HOW PARENTS CULTIVATE ANTI-BLACKNESS AND SELF HATE IN BLACK CHILDREN

When children are born, unfortunately, they do not come with a “how-to” manual. It is a difficult task to raise a child. Parents, especially those of Black children, find themselves often, more so than not, navigating a much different world than their parent peers of other races, when it comes to developing their children’s self-esteem and self-worth. 

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It is difficult to shield children from outside racism, especially in 2020. However, parents are in control of how they raise and cultivate their children’s sense of pride within themselves. 

“Our research revealed that parents are powerful vehicles of ethnic prejudice transmission towards their children,” Giuseppe Carrus of Roma Tre University in Italy told Fatherly of a study he co-authored on how parents’ subtle ethnic prejudices predict children’s implicit prejudice in Europe. “Not only through their explicit communications and actions, but also through their unaware and unconscious beliefs, stereotypes and automatic behaviors.”

In an article in the Metro UK, they point out that, anti-Blackness is not only perpetuated by people of other races, but by Black people as well. 

According to the experts in a recent Madamenoire article, here are some ways how Black parents can both knowingly and unknowingly project their own anti-Blackness onto their children, perpetuating a continuation of a cycle of anti-blackness and self hatred.

1. Telling them that they are too dark

Black comes in all shades of beautiful, yet, sometimes children hear that they are “too dark” for something. Sadly, this generational carryover has convinced many children and adults that they have to be a certain shade to be beautiful.

How to fix it: Make sure that you instill in your child a sense of internal beauty first, letting them know that no matter the shade of their skin, that to be beautiful is to radiate it inside and out. And of course, make sure that they know…All black is beautiful. 

2. Vocalizing that “mixed” is better

Children are all a beautiful blessing, but vocalizing that “mixed” or “bi-racial” children are going to be more beautiful than others just because of their mixed heritage is harmful and sends extremely damaging messages to everyone involved.  

How to fix it: Make sure that you let your child know that if they are “mixed” they are no better than someone that is not, and vice-versa. Let your child know that they are special no matter if both of their parents are Black or not. 

3. “Good Hair” vs. “Bad Hair”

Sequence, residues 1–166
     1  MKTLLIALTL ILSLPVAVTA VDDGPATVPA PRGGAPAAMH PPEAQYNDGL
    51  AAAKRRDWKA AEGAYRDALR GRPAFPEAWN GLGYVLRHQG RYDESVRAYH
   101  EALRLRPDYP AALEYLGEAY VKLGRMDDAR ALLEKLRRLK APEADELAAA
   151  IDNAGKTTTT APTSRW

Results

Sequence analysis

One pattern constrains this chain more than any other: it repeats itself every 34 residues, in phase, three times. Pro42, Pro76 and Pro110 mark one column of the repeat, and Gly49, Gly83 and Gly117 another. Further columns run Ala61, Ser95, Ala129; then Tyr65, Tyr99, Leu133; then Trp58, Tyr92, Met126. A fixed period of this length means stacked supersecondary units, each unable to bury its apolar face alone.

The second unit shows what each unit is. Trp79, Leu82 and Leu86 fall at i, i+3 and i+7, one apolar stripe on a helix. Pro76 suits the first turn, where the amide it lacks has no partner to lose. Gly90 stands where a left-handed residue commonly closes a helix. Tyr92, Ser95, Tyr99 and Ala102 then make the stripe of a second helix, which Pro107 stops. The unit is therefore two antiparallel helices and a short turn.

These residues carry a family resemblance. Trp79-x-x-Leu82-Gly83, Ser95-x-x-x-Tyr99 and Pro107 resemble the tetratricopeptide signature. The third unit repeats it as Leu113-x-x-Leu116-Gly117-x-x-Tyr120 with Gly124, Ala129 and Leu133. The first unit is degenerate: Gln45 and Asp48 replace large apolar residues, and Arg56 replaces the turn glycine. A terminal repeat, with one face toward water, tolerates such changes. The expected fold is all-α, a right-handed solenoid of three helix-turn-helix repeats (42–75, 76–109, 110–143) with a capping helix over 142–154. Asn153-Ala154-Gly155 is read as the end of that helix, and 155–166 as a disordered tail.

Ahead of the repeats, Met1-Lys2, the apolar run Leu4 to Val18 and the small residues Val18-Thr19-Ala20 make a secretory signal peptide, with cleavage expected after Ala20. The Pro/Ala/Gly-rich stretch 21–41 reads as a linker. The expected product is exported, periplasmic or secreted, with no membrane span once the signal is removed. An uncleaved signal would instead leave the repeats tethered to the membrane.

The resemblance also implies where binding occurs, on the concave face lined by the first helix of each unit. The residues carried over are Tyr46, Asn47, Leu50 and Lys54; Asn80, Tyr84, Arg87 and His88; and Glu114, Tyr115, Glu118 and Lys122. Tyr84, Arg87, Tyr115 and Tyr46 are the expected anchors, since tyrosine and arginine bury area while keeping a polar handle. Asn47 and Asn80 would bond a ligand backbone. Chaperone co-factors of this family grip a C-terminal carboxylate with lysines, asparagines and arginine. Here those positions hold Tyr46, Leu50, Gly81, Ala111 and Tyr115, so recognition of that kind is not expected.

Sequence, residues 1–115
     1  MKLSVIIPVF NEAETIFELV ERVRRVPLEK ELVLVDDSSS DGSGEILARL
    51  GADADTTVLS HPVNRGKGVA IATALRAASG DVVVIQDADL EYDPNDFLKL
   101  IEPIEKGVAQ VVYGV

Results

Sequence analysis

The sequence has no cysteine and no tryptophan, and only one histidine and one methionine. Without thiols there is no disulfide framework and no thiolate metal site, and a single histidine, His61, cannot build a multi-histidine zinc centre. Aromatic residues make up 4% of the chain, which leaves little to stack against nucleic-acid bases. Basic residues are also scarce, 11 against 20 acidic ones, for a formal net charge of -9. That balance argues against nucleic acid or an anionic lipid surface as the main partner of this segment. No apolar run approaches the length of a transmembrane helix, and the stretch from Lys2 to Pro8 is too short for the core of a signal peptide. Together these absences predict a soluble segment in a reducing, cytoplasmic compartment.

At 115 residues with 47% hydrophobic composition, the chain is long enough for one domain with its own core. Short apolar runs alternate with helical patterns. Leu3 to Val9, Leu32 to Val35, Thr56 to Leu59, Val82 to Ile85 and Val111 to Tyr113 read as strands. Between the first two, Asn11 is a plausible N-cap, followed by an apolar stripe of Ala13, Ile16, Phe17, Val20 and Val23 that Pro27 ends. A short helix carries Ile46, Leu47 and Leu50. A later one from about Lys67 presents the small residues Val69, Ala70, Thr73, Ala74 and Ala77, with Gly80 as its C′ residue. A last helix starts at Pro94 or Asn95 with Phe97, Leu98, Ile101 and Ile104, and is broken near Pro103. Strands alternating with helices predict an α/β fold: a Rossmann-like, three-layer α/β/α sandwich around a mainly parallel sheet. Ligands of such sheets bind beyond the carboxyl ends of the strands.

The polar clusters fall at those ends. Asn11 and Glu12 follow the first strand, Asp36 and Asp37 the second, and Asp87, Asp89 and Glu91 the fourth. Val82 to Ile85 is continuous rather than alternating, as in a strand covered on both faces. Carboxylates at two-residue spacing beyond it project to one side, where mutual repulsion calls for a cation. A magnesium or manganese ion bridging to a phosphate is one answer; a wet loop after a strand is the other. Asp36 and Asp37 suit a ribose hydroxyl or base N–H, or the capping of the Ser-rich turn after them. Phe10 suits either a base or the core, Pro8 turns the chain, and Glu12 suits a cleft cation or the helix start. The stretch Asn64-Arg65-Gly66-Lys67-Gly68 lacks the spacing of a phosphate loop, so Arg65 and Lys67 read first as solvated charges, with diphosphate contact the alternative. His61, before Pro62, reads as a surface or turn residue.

Healthy hair is good hair. There is no such thing as “good hair” or “bad hair”. Everyone has different hair textures. It is important to make sure that children understand that regardless to whether or not their hair is a kinkier texture or a silky looser texture, that as long as the hair is healthy, it is good. 

How to fix it: Stress to your child that their is no such thing as “good hair” or “bad hair”. Let them know that hair is hair. The difference is whether it is healthy or not. Let them express themselves by trying out different hairstyles, natural or not, to see which one fits their individual personality. 

4. Not having diverse peer groups

From school to extracurricular activities, making sure that children see others that look like them is extremely important. Yes, they should be exposed to other races, but they also need to see a reflection of themselves as well. 

How to fix it: Make sure to expose your children to different people, while also making sure that they are involved in organizations such as Jack and Jill, Top Teens, etc., that are dedicated to the growth and development of Black children.

5. Commenting on Black people’s complexions

Making negative comments about people based on their complexion is a definite…no! Children listen and internalize any and everything that is said and making negative comments about another Black person’s skin-tone will only serve as a vehicle to perpetuate colorism.

How to fix it: See comments 1&2. The bottom line: make sure that you celebrate the diversity in the African-American community. See yourself as a queen and king, no matter the skin color or hair type. If you as a parent see yourself as such, so will your children and they will thrive with the self-confidence, esteem, and pride of being a Black person in the world. 

Tiffany Silva

Tiffany Silva

Writer and Editor

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